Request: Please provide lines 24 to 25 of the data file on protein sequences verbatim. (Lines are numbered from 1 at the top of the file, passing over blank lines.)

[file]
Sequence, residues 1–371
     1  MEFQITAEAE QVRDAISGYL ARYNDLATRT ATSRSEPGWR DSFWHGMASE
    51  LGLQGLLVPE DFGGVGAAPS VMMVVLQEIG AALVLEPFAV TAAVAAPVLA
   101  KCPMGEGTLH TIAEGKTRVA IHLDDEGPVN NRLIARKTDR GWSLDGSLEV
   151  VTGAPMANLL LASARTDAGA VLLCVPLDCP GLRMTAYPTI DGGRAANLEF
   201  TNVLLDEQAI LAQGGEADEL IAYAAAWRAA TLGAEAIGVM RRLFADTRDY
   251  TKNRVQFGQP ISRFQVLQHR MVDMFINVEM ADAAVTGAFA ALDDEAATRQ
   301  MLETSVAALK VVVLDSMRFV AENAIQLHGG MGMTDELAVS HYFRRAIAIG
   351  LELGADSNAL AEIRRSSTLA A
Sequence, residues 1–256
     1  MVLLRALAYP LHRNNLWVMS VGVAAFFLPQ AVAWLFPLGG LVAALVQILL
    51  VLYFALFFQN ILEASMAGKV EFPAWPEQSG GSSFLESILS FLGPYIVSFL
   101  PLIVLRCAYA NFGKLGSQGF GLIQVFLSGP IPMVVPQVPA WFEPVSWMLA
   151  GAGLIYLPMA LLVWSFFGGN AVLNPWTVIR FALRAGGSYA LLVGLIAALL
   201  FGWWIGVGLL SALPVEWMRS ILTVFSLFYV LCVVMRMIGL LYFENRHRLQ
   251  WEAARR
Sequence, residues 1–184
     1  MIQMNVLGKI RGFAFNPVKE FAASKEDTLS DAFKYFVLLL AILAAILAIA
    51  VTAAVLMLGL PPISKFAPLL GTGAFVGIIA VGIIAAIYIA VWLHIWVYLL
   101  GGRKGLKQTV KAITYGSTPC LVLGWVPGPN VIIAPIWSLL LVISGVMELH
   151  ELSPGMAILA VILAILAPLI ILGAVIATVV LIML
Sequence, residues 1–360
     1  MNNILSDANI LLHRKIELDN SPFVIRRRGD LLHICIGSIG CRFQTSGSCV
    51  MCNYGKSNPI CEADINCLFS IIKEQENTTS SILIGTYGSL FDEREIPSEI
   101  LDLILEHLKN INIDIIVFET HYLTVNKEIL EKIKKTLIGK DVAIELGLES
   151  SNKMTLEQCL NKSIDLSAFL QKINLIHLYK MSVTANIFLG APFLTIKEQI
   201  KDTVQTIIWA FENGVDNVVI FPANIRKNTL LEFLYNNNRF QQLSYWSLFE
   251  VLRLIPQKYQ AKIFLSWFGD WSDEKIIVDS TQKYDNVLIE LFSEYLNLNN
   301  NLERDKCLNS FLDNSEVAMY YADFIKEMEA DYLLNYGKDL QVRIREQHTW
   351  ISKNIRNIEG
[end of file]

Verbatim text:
    51  MCNYGKSNPI CEADINCLFS IIKEQENTTS SILIGTYGSL FDEREIPSEI
   101  LDLILEHLKN INIDIIVFET HYLTVNKEIL EKIKKTLIGK DVAIELGLES